I really enjoyed reading this article as it brought to light another use of big data that I had not previously considered that challenged my hypothesis. It also, however, pinpointed the problems that come with this supposed ‘solution’ to poverty, and I would like to explore the impact of using big data in healthcare on the vulnerable members of the population in terms of both its potential advantages and drawbacks. Following reading this article, I would like to research further into the idea of ‘data philanthropy’, which was touched upon on this extract. This is the idea of making anonymised public data accessible by anyone, which could lead to massive developments. Again, I want to evaluate the feasibility of solutions such as this, and the measures that will need to be taken to make these uses of big data thoroughly effective and not counterproductive.
Impact of Big Data & Artificial Intelligence on the Healthcare Industry!
Singularity Prosperity, 2017, Impact of Big Data & Artificial Intelligence on the Healthcare Industry!, [online video] Available at: https://www.youtube.com/watch?v=h6oljItZjxw [Accessed 21 March 2018]
Following my recent reading into the use of big data in the healthcare industry, I decided to look into a more recent source about its potential impact. One of the economic impacts of this growth in the use of analytics (across all industries) will be an increased demand for data scientists who are highly sought after already. Amongst other jobs, they make data interactive so that it is understandable by the common population. This visualisation can be tremendously useful in identifying patterns and connections in areas that seem separate. An example of this was provided in the video, in which a professor discussed how their research involved identifying the parts of the brain that are inactive. Based on this, these parts of the brain are stimulated by VR to prevent against Alzheimer’s disease.
With regards to healthcare, the use of health records can be used to predict and identify genetic diseases, which can help with primary intervention, and possibly cures. The more data points that are aggregated, the more accurate and effective the results (i.e. diagnoses and identification of disease). This is because information of genes, genomes from entire population can be used to tailor healthcare and find what works for a person on an individual basis. Therefore treatments can be personalised based on your location, physiology, social media etc. I think prevention could be key in stopping individuals falling into poverty as a result of spending on healthcare (in countries where it is not available free to the public).
One example of a data point could be fitness trackers which have rocketed in popularity over the past few years. This would be used in combination with individuals’ medical records to generate a thorough, detailed insight into their health. One of the professors in the video spoke about the potential of using social media as another source of information, which sounded bizarre to me! However upon reflection, I do see how this could provide a different perspective and alternative view into their thinking and lives. Naturally there will be privacy concerns with this, as there always will be in the big data sector but at the same time, the individuals who share their data will not only gain from it personally but will be contributing to a better healthcare system for the collective system. Further development could occur as a result of making databases open access, enabling more people to test new hypotheses which could be ground-breaking. I think I would like to evaluate the social gain against the cost in terms of privacy further in my essay.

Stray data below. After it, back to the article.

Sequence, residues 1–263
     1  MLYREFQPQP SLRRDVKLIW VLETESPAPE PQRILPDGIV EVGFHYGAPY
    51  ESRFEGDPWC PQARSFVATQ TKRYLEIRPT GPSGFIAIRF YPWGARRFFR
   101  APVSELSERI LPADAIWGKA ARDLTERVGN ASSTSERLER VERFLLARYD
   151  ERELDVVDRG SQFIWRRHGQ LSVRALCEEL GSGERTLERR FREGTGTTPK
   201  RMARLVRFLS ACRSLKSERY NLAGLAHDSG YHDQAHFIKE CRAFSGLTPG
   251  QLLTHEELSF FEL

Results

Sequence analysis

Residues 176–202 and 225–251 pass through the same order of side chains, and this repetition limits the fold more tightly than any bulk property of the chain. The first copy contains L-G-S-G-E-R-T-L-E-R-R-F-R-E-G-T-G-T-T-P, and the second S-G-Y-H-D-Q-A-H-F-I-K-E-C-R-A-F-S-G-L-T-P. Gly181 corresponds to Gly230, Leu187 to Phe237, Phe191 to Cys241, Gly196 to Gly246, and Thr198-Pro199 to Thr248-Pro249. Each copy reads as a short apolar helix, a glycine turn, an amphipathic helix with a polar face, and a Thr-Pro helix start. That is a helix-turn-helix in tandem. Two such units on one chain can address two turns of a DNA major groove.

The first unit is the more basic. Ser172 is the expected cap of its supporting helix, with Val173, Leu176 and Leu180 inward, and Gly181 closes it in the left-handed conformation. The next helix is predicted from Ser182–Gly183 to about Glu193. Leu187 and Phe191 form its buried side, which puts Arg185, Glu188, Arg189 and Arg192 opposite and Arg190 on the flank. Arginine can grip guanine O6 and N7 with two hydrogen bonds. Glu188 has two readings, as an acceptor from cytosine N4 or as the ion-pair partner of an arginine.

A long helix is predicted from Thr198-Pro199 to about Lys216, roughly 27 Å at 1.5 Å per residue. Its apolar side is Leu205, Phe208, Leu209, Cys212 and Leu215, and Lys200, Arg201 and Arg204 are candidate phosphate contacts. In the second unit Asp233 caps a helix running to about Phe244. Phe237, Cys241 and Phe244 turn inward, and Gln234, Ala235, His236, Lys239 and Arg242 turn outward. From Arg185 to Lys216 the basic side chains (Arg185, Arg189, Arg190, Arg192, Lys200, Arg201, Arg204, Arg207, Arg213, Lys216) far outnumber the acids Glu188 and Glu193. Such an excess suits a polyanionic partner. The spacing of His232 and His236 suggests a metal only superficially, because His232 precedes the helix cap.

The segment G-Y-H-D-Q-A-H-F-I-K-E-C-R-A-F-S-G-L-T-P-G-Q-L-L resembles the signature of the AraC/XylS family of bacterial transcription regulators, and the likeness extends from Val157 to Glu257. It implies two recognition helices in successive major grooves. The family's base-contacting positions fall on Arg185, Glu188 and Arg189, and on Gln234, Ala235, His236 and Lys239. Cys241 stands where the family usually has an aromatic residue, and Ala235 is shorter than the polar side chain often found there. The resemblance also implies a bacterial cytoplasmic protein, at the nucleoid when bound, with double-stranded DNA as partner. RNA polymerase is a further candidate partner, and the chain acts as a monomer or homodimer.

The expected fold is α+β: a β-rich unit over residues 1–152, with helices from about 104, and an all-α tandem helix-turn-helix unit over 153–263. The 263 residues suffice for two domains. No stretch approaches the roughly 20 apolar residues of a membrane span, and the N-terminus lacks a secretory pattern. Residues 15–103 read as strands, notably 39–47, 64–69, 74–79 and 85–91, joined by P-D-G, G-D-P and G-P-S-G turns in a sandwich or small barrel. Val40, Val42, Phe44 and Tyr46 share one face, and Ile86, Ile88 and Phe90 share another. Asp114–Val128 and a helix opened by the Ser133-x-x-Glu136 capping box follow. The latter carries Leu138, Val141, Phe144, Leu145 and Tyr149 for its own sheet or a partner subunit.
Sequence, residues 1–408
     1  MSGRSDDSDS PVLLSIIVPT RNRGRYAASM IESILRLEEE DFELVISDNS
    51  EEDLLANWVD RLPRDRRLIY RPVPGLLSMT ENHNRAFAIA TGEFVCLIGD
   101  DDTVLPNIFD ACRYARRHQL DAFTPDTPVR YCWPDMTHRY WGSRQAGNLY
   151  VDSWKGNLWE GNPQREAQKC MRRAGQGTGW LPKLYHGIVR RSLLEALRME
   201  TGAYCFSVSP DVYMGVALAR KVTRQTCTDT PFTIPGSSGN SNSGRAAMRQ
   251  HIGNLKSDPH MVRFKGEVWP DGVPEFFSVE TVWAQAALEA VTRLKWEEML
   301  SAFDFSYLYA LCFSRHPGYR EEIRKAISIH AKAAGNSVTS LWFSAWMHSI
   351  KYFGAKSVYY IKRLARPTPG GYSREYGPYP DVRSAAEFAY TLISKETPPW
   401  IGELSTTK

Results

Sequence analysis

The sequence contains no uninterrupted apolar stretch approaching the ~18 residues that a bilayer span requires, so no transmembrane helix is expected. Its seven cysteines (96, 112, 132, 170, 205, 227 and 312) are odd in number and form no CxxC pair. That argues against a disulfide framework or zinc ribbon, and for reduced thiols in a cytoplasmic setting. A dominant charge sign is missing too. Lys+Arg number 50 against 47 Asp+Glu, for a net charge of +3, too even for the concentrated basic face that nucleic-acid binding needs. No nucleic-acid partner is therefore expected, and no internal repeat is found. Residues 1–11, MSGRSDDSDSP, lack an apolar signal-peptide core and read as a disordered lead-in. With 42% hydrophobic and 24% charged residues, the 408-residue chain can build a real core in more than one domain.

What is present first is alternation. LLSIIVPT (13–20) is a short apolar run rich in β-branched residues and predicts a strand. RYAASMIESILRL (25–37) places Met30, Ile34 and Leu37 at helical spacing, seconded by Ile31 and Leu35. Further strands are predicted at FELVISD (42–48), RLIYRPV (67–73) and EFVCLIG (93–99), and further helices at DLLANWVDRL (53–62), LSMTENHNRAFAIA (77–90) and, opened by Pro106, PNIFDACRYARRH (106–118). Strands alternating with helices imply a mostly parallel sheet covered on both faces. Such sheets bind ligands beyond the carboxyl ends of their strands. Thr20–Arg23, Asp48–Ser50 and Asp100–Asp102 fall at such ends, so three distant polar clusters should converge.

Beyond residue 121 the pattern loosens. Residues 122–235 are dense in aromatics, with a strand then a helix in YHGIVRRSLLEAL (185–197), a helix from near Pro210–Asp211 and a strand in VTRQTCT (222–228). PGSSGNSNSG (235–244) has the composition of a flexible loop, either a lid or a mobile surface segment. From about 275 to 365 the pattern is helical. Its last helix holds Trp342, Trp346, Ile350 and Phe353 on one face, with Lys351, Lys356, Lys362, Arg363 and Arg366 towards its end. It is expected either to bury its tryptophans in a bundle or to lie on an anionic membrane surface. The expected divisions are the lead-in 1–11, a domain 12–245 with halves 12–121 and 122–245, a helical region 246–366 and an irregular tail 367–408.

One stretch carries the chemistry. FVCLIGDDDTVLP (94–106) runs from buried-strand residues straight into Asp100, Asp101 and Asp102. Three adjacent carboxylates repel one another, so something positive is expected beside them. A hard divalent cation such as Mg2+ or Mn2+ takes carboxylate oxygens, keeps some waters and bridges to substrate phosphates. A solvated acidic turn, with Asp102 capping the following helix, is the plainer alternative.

Besides creating jobs in data science, the growth of big data will heighten demand for statisticians, computer scientists and with healthcare, scientists to research into the insights generated by the data collected.
The role of big data in medicine
Schadt, E (2015). The role of big data in medicine. [online] McKinsey & Company. Available at: https://www.mckinsey.com/industries/pharmaceuticals-and-medical-products/our-insights/the-role-of-big-data-in-medicine [Accessed 21 March. 2018].
Though not as relevant to my project title, this source helped me understand the economic impact of an introduction of big data into the health care industry. This article described the increased use of fitness trackers as a ‘wearable-device revolution’ which is expected to be refined over time to make data collection suitable for clinical research. Not all of the data will need to be actively logged in, but as I found from other sources, consumers have an incentive to participate as they should benefit from personalised, improved healthcare as a result.
I found that though it was informative and an interesting read, much of what I read in this article was similar to what I have already learned through my other research. Besides this, it focuses more on the supply-side of these data collecting devices and therefore talks about impacts on businesses rather than consumers, so it difficult to link to my project title which is more applicable to consumers. There is a link in that development in this sector should increase employment, but again, this would be limited to predominantly data scientists, computer scientists etc. and so is unlikely to have a significant impact on the poor, and those in low-skilled jobs.